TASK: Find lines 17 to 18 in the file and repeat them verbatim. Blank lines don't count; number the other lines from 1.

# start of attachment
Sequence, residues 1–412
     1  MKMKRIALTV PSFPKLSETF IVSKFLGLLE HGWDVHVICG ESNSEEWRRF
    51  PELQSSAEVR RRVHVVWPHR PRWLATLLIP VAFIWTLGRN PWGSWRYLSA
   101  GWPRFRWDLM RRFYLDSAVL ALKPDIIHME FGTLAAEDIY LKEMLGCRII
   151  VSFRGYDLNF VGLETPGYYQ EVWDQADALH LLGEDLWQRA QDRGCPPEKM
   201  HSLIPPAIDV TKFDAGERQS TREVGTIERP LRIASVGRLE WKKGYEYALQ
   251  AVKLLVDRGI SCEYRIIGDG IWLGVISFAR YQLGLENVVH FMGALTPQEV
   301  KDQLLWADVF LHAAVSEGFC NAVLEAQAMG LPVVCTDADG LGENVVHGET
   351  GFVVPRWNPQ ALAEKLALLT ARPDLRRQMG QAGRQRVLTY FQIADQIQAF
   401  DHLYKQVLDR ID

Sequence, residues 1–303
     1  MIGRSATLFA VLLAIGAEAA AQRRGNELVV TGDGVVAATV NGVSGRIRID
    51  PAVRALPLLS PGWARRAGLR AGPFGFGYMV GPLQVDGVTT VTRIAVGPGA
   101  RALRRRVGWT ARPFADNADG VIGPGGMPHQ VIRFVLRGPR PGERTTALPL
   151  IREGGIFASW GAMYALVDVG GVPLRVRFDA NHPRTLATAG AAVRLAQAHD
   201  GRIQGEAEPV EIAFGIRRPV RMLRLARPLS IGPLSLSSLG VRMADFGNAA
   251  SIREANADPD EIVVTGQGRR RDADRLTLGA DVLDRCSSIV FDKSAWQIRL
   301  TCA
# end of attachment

   251  SIREANADPD EIVVTGQGRR RDADRLTLGA DVLDRCSSIV FDKSAWQIRL
   301  TCA